You see that? That is what you do when you get home with yogurt for your baby and realize that the expiration date is 12 hours away. You stick a [plastic baby] fork in it [and then put it in the freezer.] It’s done, baby.
And you see that? That’s what happens when you’re unshakably determined not to bring the Disney princess tea cart back in the house that’s sitting on the back porch in the yard sale pile and a very imaginative 6 year old girl feels that her tea party would be much improved if it were mobile. You stick some casters in a cardboard box and call it a day. (Then you call yourself stubborn for not getting the doggone tea cart off the back porch.)
I’ve been thinking a lot about creativity lately (and apparently so have a lot of others… check out The Nester’s post.) It’s deeply satisfying to have a creative moment, because creating is part of who we are as humans. We’re made in likeness of The Creator. Humans even get to be part of creating… humans. Isn’t that crazy?! Anyway. Crazy.
I sense a series coming on here about creativity, so I’m not going to spill all my bloggy beans in one post. Today I only want to take you inside one amazing, frozen moment in my classroom about two months ago.
I had a class of five boys. (Remember? I teach at an alternative high school. Small class size rocks.) We spent about 20 minutes on most days working on drumming skills using congas.
Ah, yes. Those things.
Never having taught at this school, I was a bit nervous to introduce this portion of our instrumental class. I certainly did not want to tick off my hallmates or downstairs neighbors with incessant, loud, really bad drumming. I checked with my peers. Sure, they all said. That won’t be a problem. I have planning during that block anyway. I even heard a few Great! I think some of those guys will really respond to the drums. “So they’re interested in emotional rehabilitation through drumming, too!” I naively thought. (I might want to be a music therapist when I grow up, by the way.)
About a month in to our daily drumming sessions, one of the staff met me in the hallway and said, “I noticed your guys finally changed up the rhythm. That’s cool.”
I wish I’d taken that course in undergrad called Backhanded Compliments 101, because I think she just dished one out.
Since I’m not sure if you’re a music educator, I won’t bore you with the methods I used or the particular objectives I had in mind. What’s important is that the guys were responsible for listening for empty space and filling it in with their own creation. Some of them weren’t really comfortable with that. For a long time, we ended up gravitating toward the same tempo with the same, slightly syncopated base rhythm. No matter how we started off, someone pulled us to that comfortable place.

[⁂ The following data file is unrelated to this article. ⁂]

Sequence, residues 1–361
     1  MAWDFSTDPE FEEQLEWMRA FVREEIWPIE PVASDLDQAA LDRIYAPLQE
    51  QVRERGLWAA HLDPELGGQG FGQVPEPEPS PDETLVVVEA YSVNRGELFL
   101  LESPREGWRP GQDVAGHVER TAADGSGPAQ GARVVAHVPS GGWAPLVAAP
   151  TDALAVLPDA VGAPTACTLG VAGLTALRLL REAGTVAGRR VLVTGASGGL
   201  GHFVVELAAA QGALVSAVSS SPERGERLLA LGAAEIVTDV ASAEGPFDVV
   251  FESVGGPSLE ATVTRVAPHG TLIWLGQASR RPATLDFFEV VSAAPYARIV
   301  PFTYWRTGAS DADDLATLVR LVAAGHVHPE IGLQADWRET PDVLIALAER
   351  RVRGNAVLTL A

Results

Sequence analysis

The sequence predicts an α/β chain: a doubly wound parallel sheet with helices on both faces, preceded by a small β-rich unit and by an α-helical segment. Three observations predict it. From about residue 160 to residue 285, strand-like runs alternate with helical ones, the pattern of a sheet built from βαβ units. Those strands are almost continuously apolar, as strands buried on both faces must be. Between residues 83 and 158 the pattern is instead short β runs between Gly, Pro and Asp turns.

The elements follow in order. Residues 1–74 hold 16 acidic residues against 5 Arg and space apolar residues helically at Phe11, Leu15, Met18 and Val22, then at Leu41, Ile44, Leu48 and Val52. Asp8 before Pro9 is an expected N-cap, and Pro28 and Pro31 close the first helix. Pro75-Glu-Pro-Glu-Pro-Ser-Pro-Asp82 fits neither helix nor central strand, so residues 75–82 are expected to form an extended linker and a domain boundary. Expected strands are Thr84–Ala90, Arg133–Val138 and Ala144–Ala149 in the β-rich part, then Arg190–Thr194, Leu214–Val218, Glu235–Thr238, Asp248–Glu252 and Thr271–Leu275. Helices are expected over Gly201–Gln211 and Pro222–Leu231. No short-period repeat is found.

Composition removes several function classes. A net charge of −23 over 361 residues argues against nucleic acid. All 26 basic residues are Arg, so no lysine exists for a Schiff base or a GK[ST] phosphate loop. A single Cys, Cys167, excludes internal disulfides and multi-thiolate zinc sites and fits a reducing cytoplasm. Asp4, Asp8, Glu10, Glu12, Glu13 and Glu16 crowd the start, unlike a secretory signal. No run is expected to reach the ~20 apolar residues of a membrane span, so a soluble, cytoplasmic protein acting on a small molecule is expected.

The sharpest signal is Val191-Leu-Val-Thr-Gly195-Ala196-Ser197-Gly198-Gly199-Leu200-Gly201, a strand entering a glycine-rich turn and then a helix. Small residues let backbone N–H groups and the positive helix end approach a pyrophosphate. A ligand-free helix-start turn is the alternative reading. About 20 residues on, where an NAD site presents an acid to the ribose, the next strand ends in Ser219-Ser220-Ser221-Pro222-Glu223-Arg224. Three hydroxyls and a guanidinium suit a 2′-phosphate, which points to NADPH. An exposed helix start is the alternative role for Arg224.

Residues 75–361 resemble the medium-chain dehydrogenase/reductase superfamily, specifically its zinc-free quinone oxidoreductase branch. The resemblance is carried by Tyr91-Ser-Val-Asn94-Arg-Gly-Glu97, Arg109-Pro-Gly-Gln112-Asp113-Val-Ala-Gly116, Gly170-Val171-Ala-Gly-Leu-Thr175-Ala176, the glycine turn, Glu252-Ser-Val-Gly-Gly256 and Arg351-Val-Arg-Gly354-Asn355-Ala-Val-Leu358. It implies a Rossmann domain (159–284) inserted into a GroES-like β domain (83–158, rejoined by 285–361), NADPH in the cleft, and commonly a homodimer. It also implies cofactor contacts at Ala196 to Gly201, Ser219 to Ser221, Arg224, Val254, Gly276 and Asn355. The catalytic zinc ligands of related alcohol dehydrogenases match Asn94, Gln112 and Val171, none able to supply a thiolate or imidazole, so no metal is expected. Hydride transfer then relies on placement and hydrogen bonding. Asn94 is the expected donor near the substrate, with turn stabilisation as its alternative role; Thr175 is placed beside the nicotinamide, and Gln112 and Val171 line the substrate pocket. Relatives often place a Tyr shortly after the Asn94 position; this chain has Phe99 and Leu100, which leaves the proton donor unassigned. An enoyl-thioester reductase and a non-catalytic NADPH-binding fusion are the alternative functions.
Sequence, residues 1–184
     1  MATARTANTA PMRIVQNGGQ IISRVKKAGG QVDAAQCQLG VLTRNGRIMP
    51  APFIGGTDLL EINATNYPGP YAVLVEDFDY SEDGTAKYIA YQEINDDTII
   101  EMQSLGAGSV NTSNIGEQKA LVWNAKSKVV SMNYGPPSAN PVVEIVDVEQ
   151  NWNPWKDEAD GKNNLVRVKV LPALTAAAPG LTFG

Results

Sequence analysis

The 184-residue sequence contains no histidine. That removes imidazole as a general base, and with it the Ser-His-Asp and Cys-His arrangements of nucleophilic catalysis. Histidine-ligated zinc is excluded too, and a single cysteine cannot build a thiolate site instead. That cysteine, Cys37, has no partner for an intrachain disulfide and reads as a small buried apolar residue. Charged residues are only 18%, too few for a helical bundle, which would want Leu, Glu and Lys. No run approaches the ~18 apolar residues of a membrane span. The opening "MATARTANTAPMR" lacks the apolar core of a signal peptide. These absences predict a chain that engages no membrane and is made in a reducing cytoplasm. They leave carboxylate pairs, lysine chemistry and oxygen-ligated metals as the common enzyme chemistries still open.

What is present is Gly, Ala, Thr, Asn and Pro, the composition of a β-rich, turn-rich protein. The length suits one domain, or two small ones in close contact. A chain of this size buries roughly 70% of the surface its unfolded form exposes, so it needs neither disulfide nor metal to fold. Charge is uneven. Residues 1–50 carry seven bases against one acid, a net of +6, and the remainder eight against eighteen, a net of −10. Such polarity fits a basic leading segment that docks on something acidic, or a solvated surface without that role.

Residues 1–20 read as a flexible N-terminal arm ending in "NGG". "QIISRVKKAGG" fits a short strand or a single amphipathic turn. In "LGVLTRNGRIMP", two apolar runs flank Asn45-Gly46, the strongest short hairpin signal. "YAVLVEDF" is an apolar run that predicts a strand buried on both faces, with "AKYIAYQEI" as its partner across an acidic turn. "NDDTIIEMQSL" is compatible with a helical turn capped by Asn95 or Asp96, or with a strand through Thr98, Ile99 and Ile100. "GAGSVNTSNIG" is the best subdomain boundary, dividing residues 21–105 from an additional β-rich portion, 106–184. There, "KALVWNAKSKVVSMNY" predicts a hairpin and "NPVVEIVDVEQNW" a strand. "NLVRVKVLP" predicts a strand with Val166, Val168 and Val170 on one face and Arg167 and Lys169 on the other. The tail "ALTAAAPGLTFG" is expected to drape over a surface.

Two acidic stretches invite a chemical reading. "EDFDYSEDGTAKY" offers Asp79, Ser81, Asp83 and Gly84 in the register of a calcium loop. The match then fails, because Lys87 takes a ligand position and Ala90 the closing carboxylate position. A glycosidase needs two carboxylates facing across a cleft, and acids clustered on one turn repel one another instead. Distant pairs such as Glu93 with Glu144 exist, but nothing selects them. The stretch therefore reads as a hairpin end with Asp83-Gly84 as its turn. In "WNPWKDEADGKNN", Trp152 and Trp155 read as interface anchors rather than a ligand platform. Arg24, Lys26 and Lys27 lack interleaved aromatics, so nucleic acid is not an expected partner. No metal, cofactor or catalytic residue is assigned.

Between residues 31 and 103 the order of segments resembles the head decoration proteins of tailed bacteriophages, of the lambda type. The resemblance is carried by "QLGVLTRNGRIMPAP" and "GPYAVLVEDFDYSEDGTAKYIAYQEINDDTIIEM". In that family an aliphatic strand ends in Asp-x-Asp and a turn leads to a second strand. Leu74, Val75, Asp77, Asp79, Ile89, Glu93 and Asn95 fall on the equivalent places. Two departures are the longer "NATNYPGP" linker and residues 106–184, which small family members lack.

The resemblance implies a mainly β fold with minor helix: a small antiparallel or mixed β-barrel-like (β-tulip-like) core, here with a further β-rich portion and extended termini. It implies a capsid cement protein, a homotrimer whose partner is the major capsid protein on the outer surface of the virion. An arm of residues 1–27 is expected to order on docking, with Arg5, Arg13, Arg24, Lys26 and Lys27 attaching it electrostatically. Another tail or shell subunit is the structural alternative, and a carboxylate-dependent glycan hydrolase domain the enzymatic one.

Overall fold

And then one day, someone got tired of the comfortable place.
During one exercise, I tell kids to listen (duh,) loop (repeat a simple idea over and over,) and lay out (occasionally just stop playing.) This student, whom we’ll call James, just stopped playing. I thought he was quitting for the day, because that was his general mode of operation. Our boredom with the rhythm morphed into a tiny tension as we wondered if there would be yet another showdown between Mrs. Lutz and James.
It turns out that he was actually following my suggestion and laying out so that he could listen, because he dropped the most pleasing, unexpected little chain of sounds in the middle of that musical space. It felt like watching somebody cleanly jump in between the double dutch ropes after 25 kids had gotten smacked with them. We straightened in our chairs and shifted the congas on our feet. (Conga stands? We don’t need no stinkin’ stands.) Our eyes went to his hands, and naturally, those students less comfortable bringing new ideas to the table were glad to try out his. They couldn’t help but be drawn down the new path, because James gave it energy and commitment when he offered up his new idea. Pretty soon, he had us pushing the tempo. Once we felt the new groove, other kids had new ideas that now seemed so obvious, even though they’d felt dry for ideas for almost a month.
This moment isn’t just about drumming or music or high school boys in an alternative school.
- Sometimes boredom is the mother of creativity.
- The listen-loop-lay out idea is wisdom in action.
- It’s normal to feel a little anxiety right before the change happens.
- Bad ideas will fail, but sometimes so will good ideas offered without commitment and energy.
- One new idea often leads to another.
And you know that yogurt popsicle I showed you? That turned into my favorite ten minutes of the following day. All three of my kids and I sat on the kitchen floor and and laughed and ate together. I will definitely be doing that again, if ever I find myself with yogurt on the brink of being unsafe to consume. And that mobile tea party? She played with it for at least 8 minutes. I don’t care, because it just felt good to try something new.